(Phys.org) —Moving toward its goal of building a high-speed magnetic levitation (maglev) train line between Tokyo and Osaka, Central Japan Railway Co has resumed testing of its L0 (L Zero) train—demonstrating speeds just above 310 miles per hour (500 km per hour). That makes it the longest and fastest maglev train in the world.

Maglev trains are able to travel very fast all while using less energy than conventional trains because they allow the train to ride on a cushion of air—friction from the wheels on the track is eliminated. Most in the field expect they will require less maintenance costs as well. But what's still not clear is if the lower operating costs will make up for the dramatically greater installation cost. The line between Tokyo and Osaka is expected to cost approximately $90 billion and it won't be completed until 2045 (an initial line is expected to begin operating between Tokyo and Nagoya in 2027 reducing travel time from 95 to 40 minutes).

In the test, a five car train carrying reporters made its way around a 26.6-mile track in approximately nine minutes. Riders were able to track their speed via overhead video screens. Those onboard reported a smooth, reasonably quiet ride. Those witnessing the test standing near the track, on the other hand, reported feeling a and a deafening noise as the train passed. It's that second group that has the train developers worried—before track can be laid, the train must pass environmental impact studies.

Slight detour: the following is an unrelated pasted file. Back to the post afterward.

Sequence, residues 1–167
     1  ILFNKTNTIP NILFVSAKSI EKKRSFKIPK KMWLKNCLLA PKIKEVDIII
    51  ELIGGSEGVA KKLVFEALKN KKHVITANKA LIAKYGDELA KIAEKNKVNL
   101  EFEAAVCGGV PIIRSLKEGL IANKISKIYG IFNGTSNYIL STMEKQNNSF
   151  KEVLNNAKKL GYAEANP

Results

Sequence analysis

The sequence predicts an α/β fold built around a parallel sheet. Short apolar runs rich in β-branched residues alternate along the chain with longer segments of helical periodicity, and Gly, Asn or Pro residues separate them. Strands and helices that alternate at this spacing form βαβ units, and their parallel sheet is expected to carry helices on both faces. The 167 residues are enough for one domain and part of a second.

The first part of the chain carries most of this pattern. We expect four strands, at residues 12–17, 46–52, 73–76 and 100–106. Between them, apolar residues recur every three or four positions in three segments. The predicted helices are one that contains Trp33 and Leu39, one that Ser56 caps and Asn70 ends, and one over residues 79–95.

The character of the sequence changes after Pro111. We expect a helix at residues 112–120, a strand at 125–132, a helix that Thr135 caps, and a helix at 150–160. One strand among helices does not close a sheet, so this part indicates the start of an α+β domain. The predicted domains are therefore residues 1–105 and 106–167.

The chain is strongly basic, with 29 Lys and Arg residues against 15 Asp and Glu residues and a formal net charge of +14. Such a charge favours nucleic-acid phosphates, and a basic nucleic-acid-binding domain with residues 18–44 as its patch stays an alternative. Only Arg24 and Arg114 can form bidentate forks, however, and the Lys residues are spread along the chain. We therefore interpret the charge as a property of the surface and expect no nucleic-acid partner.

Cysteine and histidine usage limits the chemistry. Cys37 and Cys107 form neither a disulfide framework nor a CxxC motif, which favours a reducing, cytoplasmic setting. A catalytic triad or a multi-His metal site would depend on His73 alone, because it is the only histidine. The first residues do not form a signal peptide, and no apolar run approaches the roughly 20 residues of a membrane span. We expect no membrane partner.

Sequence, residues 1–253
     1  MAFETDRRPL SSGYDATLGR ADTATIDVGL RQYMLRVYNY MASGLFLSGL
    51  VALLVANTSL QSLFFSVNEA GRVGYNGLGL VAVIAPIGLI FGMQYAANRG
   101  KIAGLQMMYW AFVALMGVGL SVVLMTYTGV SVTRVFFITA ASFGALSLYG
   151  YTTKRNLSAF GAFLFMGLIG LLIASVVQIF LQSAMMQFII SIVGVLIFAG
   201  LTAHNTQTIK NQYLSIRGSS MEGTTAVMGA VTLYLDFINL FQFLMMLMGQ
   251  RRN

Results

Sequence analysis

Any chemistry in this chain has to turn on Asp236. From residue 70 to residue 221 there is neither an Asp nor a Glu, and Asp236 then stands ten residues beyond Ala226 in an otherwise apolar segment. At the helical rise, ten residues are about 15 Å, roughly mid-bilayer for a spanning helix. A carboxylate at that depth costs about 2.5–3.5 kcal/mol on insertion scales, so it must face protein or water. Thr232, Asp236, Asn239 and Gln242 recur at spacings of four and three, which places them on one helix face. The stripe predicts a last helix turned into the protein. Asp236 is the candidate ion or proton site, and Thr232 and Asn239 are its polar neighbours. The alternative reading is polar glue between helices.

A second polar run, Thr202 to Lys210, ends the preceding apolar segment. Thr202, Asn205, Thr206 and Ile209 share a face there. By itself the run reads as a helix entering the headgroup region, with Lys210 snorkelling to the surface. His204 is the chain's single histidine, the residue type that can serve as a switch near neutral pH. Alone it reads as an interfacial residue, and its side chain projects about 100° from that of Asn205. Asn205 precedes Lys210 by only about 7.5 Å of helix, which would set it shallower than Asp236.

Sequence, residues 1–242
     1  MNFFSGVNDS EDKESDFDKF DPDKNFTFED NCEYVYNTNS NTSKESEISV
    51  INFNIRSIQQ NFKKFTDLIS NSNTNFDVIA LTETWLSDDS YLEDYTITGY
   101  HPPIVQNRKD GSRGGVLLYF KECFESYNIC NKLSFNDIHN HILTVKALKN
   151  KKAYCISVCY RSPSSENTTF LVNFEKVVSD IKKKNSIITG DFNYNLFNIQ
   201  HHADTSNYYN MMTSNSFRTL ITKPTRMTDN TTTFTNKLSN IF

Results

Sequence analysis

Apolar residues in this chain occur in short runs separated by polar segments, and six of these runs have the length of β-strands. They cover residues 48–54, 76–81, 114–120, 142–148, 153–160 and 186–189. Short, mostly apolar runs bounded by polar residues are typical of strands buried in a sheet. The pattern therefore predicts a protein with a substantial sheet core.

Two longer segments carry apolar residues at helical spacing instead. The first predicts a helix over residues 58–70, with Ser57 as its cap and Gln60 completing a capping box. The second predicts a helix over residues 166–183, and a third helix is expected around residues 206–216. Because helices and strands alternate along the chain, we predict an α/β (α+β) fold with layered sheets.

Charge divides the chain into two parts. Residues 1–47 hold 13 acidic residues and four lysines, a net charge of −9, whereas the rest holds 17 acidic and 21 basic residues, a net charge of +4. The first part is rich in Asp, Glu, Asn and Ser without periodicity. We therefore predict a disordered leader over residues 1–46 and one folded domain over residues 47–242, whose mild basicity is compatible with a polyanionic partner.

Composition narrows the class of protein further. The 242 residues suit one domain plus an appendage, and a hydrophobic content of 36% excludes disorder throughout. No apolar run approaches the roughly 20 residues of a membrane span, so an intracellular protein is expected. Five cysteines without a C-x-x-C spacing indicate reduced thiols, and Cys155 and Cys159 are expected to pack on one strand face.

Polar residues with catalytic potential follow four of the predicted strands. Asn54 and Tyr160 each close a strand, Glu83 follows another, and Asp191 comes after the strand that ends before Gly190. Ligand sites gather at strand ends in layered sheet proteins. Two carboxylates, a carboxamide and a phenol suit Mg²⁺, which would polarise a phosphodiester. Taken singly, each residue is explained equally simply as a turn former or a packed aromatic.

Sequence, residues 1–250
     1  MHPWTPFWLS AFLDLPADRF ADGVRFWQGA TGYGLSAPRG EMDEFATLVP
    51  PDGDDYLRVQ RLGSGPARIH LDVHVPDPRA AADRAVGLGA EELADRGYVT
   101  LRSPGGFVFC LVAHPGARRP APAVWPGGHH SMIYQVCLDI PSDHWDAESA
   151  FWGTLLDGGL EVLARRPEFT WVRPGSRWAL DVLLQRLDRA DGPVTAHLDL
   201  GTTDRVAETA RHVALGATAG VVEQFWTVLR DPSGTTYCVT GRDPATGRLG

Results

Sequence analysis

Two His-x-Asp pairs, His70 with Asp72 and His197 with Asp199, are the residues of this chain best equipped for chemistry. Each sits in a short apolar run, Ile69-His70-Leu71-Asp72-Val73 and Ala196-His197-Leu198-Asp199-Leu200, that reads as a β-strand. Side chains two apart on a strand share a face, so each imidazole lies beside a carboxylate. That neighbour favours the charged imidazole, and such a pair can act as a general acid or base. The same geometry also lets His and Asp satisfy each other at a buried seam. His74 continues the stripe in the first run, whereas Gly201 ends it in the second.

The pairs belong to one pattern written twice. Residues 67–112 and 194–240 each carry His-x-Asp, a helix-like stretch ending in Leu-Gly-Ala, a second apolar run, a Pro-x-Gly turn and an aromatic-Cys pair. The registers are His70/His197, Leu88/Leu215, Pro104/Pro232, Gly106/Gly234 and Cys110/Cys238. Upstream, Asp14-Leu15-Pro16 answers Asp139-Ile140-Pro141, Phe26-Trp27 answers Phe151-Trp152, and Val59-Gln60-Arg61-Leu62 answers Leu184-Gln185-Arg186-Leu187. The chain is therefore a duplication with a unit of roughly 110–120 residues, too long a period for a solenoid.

The train does have wheels—it rides on them when the train is at low speed—then rises up above the track when it reaches approximately 93 mph. On the test run, the train reached its just three miles into the trip, which would suggest riders would feel pushed back into their seats, but those on board reported no such sensation. The test run also marked the resumption of testing after the track was made longer. Also, by bringing reporters aboard for the initial trial, the train's developers expressed their confidence in the train's performance, it's suitability as a mode of mass transportation and it's safety. Passengers were allowed to move about the rail cars during all parts of the trip. And though much of the trip occurred underground, they also reported that looking out the window when aboveground offered little more than blurs for landscapes near the train, but beautiful imagery of more distant objects as the train sped along.